If you examine the entries for Adelaide Contemporary carefully, you will see a range of designs – some a bit silly; others careful, measured responses; none that couldn’t have been bettered by local architects. A safe outcome. I would have hoped that Adelaide would want to get out there and be noticed on the international scene with something exciting that grew out of the culture of the city and Australia. I believe that could have happened if half the entrants had been Australian.

It is totally wrong to suggest Australian architects are not up to it – they can compete and should be allowed to compete with overseas architects. I believe in quotas. Government should take the lead and insist that for major projects, at least 50 per cent of all shortlisted architects are local. Architects here are not afraid to compete with international practices – we just need the chance. This is not about excluding overseas architects from work in Australia but ensuring local professionals are not excluded from major Australian cultural projects and denied the opportunity to compete.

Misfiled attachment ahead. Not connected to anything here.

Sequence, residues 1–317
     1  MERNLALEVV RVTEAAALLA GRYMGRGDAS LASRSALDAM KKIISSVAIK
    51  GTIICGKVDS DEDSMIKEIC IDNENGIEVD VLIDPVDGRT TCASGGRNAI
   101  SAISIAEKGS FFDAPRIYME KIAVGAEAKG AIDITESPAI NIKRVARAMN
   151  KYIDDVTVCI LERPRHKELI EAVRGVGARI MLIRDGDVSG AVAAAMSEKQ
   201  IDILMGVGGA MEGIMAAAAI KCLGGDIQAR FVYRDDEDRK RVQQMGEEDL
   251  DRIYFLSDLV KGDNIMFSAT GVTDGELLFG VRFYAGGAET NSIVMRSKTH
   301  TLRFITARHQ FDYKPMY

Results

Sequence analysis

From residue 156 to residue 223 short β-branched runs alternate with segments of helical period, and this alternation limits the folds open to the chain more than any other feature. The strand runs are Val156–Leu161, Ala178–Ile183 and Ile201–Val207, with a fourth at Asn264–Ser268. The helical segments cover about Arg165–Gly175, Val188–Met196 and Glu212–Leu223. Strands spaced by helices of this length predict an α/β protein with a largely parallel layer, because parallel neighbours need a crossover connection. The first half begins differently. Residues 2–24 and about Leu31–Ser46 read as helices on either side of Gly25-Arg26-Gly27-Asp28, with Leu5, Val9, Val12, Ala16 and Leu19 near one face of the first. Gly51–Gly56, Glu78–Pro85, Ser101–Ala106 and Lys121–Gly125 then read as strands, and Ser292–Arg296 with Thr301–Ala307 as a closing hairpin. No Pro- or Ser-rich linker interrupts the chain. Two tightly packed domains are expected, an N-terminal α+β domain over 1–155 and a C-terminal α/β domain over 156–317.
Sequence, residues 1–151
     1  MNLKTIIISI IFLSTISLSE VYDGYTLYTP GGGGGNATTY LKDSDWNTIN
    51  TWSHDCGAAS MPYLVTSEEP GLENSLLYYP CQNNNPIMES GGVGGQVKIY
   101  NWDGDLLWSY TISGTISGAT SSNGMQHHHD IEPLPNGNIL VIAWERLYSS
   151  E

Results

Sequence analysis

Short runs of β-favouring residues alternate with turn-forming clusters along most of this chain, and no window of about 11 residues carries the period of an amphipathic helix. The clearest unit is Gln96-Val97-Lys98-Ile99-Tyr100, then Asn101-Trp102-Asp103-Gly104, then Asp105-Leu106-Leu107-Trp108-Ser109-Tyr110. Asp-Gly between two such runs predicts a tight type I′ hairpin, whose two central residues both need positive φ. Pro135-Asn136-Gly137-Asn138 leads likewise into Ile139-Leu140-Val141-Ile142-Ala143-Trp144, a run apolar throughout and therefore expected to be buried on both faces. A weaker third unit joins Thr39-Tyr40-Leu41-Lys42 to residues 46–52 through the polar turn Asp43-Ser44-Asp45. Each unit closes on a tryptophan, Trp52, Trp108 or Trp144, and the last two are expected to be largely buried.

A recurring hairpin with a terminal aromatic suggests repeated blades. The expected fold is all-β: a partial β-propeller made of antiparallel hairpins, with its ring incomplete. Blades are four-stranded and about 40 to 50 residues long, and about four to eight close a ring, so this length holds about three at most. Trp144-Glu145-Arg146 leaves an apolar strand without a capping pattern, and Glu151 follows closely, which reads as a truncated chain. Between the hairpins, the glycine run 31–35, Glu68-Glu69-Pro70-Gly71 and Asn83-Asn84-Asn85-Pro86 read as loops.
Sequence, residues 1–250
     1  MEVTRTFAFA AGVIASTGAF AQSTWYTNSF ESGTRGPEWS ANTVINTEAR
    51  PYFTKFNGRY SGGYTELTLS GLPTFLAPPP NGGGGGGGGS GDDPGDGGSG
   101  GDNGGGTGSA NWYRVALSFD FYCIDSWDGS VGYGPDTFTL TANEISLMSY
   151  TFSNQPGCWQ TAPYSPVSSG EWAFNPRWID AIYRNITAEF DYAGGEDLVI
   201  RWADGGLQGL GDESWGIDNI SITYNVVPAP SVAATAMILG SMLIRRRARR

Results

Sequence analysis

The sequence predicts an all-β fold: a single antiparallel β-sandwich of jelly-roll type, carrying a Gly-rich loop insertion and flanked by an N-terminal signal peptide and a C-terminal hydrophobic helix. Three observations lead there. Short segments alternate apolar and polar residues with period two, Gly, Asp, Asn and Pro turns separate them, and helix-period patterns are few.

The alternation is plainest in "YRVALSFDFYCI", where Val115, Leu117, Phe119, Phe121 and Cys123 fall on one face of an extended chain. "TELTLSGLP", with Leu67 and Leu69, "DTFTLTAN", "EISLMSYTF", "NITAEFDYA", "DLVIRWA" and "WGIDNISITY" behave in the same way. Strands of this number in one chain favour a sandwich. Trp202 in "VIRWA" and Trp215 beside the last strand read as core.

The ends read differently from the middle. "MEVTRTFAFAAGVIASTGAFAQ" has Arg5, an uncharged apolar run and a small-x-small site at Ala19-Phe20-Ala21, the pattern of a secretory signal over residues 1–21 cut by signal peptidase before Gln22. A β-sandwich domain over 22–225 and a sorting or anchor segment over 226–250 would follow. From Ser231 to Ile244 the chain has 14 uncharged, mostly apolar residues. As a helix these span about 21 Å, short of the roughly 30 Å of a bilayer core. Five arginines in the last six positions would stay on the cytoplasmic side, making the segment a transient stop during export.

In Europe, it is common for countries to apply a 50-50 rule to ensure half the entrants are local.

I believe that the National Gallery of Victoria, for example, should take note for the NGV Contemporary project. Melbourne architects are unlikely to be silent, as was the case in Adelaide, if design proposals are restricted to internationals. I haven’t spoken to Tony Ellwood, the director of the NGV, but would hope the NGV understands this. The gallery’s venture into curation of design as part of its remit should influence its attitude.